03/12/2014 03:44 pm ET Updated May 11, 2014


This week, 200 policy makers, former ambassadors, government servants, scholars and a battalion of journalists, gathered to hear on-the-record remarks by CIA Director John O. Brennan. Oh, there were the guys with the ear phones as well.

Brennan is an enormously experienced CIA veteran in the field and Agency headquarters in Langley, VA. He also served both President George W. Bush and President Obama in counter-terrorism leadership roles. His patriotism and three decades of national service are unquestioned.

But Brennan's defense of the IC is that of a fierce loyalist. He speaks, but provides little substance -- not because of "sources and methods," but because of the politics in which all intelligence agencies are now immersed.

Most questions are answered in IC circumlocution. No one is getting out of counterterrorism, but there are numerous other threats -- notably cyber warfare -- that must take the IC's time and effort. As to rendition and "enhanced interrogation," which were inaugurated while Brennan held senior roles in CIA, the Director repeated several times that he and the Agency "want to put this behind us" -- as in ignore the awful history of Americans practicing torture or secretly sending prisoners to locations where they would be viciously interrogated.

And, as one might expect, Brennan denies entirely that the Agency or any facet of the IC would ever do something like hacking the Senate Intelligence Committee's computer systems -- an accusation made passionately earlier this week on the Senate floor by committee chair Democratic Senator Dianne Feinstein.

Brennan is a Company man; loyal, yes, to America, but loyal to oaths and his people. We hear equivocation and denial about any wrongdoing, and assurances that the Agency listens to Congress, changes and improves behavior, acknowledges the complexity of world events and variables that affect threats, and would never knowingly break laws.

Richard Helms, too, denied any Agency involvement in any wrongdoing ever, reassured Congress, and as Bob Woodward said several decades after Watergate "was anything but forthcoming."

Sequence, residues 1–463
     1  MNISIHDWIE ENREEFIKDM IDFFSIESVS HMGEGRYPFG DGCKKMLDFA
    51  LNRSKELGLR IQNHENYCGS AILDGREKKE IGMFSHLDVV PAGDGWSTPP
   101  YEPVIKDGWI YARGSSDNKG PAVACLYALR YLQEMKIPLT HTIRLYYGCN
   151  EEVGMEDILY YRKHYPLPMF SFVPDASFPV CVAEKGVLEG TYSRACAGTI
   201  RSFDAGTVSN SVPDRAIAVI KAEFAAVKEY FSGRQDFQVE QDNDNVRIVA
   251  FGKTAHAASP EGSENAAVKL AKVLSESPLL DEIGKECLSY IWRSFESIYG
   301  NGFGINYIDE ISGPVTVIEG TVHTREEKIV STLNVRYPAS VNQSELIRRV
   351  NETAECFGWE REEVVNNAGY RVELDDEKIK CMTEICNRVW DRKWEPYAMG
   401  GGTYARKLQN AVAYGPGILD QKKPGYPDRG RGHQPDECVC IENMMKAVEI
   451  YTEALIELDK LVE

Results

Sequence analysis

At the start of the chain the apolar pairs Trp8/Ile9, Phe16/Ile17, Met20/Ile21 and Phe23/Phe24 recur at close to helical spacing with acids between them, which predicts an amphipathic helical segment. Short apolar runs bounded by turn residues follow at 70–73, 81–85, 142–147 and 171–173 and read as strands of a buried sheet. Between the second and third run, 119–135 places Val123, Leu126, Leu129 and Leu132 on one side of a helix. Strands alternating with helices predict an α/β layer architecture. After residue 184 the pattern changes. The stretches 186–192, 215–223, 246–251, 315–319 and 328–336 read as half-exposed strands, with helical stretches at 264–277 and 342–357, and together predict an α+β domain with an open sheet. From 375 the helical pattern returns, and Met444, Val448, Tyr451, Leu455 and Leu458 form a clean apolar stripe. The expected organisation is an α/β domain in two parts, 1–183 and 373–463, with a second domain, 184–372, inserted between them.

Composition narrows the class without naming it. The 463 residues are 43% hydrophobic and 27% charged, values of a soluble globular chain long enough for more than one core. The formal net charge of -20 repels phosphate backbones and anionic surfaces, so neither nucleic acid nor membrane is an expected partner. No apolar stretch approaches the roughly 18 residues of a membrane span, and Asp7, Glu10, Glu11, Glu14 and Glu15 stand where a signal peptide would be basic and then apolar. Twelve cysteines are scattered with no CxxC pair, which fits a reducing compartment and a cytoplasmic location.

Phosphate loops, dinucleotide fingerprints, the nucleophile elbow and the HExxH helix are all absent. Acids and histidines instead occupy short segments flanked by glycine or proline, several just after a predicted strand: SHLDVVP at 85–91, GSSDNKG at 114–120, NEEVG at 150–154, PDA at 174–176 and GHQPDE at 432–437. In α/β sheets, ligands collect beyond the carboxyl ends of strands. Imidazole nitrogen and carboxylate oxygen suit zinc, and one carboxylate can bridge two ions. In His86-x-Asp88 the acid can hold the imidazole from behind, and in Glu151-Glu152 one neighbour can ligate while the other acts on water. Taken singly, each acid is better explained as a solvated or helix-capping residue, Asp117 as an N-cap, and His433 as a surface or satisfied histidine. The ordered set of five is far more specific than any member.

These events and men cannot be conflated -- forty years, in any case, has altered the landscape of intelligence and foreign policy so much that links would be fraught with imprecision. Still, a Company man is a Company man. John Brennan's career in the CIA commenced, but a short time after Watergate and certainly began his 25 years therein firmly locked within the Cold War culture of the IC.

The President "has great confidence" in the CIA, and Brennan intoned Jay Carney after Senator Feinstein's stark floor speech. Robert Gates likewise had the Administration's full confidence, after which Gates quickly produced a "memoir" entitled Duty that portrayed the President, and certainly Vice President Biden, in less than glowing terms. One wonders if a Company man would dare to write about his experiences, even redacted. I doubt it.

No surprise that Brennan believes Edward Snowden is worse than a thief, and rather someone who endangered American security and the individuals who work to protect the U.S. in the service of intelligence agencies. He made a point of mentioning that, as Director, he swears in all new officers in the Agency's entry hall directly in front of the memorial to all CIA officers who have been killed in the line of duty (now over 100). Left to John Brennan, one should not doubt that "enhanced interrogation" could be once again utilized to extract some information from this young criminal leaker whose revelations, Brennan is convinced, may lead to other sacrifices.

Meanwhile Snowden provided a Constitution-swathed video talk to the South by Southwest tech/entertainment extravaganza via a link from Russia. In it, he stressed once again the danger of the meta-data collection that Brennan has alternatively defended, or implied that the IC has heard the concerns, and will abide entirely by new constraints announced by President Obama. Snowden, with a vastly overrated sense of his own importance to the Constitution, nevertheless points to the need for encryption of all electronic communication and the omnipresence of intercepts. He is certainly correct regarding the ubiquity of data-mining by a corporate state.

The overstretch of the intelligence community, not at all new to American politics and society notwithstanding laws going back to 1947 that direct these agencies to foreign targets, has been documented conclusively by Snowden's leaks. No he doesn't deserve a Nobel Prize or exoneration for his theft of government documents and violation of contracts. But he may not deserve the punishment that John Brennan may have in mind -- conviction on espionage, for example.

Let's say that this explosive accusation by Senator Feinstein and Intelligence Committee staff are confirmed. Such actions would be another gross and constitutionally perilous overreach of intelligence agencies (in this case the CIA) to obstruct Congressional investigations into the practices of rendition and enhanced interrogation that Brennan supported. My hunch, however, is that a Department of Justice investigation will provide Director Brennan and his colleagues wide loopholes through which to dissemble and deny.


Daniel Nelson heads a consulting firm in Virginia.